Booz Allen Identifies eight trends for utilities in 2015; Nobody wants to be the new LIPA
“In the midst of a major, global transformation” utilities have to deal with well-known challenges as well as with new ones.
2014 is coming to an end and predictions for next are starting to flourish. Booz Allen’s just published its Annual Energy Sector Trends for 2015 under one theme; “Business Resiliency Depends on an Integrated, Predictive Approach”. Some of the eight trends are not coming as a surprise. The firm reminds us how critical it is for utilities to get prepared for cyber threats, this sector being according to Booz Allen the largest one under this threat and no company in this setor wants to be a “Cyber Macondo”. The challenge being that utilities need to go way beyond simply putting up electronic barriers to protect their IP, supply chain, operations and networks. Responding to cyber security threats requires to develop “capability for proactive advanced threat detection across a now multi-dimensional threat surface. Coupled with this challenge is the weighty task of assessing the security of third-party vendors and protecting critical business assets from those who should not have access”. At the same time, utilities need to develop incident response and back up plans.
The new dimension that cyber security threats, and their consequences, add to the utility business environment is reputation. A successful cyber security attack does not only cause big and costly damage to any utility and its customers but also tarnishes its reputation, a critical element that needs to be part of any risk model. One reason is that most customers now have “energy choices”. As a result, utilities need to spend time “understanding their market ecosystem of customers, investors, communities and competition”. And also regulators are tying customer satisfaction to rate cases, making reputation much more of a commodity. In other words, utilities have to learn how to deal with customer relationship and its risks.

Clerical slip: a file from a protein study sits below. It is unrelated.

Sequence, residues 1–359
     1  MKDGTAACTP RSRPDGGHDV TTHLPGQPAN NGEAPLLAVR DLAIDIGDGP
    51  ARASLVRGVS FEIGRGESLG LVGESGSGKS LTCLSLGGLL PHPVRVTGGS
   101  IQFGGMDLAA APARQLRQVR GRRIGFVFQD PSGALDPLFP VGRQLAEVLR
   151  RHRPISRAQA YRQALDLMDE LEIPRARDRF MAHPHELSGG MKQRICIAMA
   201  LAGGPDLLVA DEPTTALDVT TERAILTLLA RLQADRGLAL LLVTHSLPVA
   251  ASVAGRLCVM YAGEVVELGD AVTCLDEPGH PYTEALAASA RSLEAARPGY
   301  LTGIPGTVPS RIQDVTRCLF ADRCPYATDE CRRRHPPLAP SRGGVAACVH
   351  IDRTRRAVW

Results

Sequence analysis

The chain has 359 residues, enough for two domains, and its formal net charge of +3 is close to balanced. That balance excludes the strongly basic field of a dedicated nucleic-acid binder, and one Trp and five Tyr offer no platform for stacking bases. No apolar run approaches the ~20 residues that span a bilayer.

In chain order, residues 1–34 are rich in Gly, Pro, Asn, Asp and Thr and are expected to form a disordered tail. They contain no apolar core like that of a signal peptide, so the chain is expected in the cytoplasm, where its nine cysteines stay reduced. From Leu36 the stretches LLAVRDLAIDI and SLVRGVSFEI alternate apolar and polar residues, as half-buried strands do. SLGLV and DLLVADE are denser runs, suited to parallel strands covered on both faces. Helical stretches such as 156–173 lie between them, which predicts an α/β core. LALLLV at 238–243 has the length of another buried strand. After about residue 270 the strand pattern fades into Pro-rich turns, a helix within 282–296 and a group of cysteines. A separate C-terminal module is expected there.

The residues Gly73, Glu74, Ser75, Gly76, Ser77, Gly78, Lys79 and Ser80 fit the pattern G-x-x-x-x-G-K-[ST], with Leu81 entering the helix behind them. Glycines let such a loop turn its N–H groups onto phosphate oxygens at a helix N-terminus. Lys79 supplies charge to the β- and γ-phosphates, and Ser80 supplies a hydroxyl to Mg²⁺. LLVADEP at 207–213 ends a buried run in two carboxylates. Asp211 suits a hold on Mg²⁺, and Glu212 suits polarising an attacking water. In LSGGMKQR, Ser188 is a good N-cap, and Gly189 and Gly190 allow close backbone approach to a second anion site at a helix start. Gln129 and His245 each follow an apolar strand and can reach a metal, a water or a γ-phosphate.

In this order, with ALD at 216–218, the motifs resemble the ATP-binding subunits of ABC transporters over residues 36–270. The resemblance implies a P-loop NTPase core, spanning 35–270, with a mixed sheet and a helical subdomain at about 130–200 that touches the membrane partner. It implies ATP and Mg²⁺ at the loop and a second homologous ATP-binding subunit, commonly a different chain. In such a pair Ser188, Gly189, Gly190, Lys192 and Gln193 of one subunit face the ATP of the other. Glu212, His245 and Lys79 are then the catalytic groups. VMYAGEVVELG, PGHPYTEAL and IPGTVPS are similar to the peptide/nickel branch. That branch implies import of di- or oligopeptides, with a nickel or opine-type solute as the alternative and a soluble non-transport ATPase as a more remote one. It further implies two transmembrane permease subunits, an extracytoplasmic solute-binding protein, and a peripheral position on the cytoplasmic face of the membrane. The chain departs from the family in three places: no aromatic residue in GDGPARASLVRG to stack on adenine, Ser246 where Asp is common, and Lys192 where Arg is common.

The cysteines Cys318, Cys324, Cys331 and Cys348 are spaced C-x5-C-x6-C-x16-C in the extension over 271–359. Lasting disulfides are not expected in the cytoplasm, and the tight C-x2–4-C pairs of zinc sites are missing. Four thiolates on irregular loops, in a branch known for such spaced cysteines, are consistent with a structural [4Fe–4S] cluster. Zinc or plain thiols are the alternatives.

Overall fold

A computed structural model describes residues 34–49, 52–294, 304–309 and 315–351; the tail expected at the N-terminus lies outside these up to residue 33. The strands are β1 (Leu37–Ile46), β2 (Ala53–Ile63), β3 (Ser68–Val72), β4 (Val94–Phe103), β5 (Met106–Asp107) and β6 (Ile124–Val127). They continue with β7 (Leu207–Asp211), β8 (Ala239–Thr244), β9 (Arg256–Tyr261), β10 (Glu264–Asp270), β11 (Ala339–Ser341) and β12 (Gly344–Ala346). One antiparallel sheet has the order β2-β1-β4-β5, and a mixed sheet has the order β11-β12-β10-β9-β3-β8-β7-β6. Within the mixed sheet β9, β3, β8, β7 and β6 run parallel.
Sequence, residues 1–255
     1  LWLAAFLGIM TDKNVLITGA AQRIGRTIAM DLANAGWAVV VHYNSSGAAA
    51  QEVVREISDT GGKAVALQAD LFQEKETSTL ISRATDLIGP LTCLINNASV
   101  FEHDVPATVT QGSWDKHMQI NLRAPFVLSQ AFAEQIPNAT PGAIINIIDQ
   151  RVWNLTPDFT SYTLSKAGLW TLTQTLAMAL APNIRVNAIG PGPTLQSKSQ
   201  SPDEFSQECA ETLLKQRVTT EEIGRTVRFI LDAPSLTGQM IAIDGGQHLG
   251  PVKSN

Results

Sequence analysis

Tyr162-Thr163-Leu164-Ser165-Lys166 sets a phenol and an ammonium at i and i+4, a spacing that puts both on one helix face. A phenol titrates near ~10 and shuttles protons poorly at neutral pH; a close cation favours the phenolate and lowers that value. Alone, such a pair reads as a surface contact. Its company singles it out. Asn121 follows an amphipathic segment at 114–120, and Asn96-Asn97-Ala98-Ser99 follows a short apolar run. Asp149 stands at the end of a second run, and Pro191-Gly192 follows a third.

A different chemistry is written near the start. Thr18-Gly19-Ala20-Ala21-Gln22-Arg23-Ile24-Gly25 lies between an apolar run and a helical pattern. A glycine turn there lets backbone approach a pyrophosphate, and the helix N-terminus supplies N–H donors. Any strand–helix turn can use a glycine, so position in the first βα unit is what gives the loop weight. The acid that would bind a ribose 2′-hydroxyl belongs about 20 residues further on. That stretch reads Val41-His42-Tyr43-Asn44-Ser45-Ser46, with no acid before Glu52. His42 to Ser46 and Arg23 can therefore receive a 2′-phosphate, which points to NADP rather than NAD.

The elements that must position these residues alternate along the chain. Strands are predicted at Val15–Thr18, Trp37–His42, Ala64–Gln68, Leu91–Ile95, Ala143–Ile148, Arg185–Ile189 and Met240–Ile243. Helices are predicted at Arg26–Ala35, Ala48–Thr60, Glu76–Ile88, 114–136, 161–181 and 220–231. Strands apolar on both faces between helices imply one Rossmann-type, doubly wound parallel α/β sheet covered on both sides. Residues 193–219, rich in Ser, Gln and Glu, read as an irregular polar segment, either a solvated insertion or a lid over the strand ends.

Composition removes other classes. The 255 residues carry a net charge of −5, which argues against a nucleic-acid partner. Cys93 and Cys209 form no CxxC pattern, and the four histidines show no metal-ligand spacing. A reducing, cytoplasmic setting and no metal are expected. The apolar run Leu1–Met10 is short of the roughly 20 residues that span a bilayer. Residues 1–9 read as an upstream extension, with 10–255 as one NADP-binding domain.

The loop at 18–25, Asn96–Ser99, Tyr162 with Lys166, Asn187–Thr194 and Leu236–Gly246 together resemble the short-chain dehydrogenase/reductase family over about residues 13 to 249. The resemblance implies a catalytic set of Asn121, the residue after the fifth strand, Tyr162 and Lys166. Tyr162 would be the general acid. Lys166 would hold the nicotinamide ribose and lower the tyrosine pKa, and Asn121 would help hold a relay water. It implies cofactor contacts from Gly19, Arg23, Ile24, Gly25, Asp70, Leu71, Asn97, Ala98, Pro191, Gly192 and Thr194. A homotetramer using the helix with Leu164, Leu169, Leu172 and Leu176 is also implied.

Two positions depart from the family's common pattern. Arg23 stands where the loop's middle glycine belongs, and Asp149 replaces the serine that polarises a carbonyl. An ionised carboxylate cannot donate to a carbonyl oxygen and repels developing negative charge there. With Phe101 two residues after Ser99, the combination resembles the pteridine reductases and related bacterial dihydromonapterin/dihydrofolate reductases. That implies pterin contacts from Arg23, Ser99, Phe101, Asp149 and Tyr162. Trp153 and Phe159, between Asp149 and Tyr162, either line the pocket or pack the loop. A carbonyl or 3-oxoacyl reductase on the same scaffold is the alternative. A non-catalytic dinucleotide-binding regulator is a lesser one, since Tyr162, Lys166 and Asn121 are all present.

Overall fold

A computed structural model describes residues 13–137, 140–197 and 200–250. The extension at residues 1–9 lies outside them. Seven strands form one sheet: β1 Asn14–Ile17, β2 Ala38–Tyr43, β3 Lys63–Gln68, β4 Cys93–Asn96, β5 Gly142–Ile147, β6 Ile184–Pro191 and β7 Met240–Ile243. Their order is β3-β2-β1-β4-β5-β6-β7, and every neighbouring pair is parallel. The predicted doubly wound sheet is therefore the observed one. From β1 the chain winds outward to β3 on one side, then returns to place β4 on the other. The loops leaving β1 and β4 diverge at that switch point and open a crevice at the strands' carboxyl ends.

Other trends identified by Booz Allen have to do with the pervasive need for utilities to become predictive. This advice is valid for as well for dealing with safety and environment as it is for dealing with more active and fast changing regulatory landscape. One new dimension of prediction seems to gain traction is investment as balancing investment not just in front of changing needs and economic trends is not sufficient anymore. Utilities now need to add new source of energy and new technology such as power storage to their already very complex equation.
Data is a way to make this task easier to grab and also the understanding that some issues, like risk management, need to become much more top priorities than before. This is what Booz Allen means in saying that “Risk management must move from the backroom to the boardroom”. Any failure in front of a risk can have terrible consequences. Everyone has in mind what happened on Long Island in the aftermath of Sandy and what happened to LIPA afterward.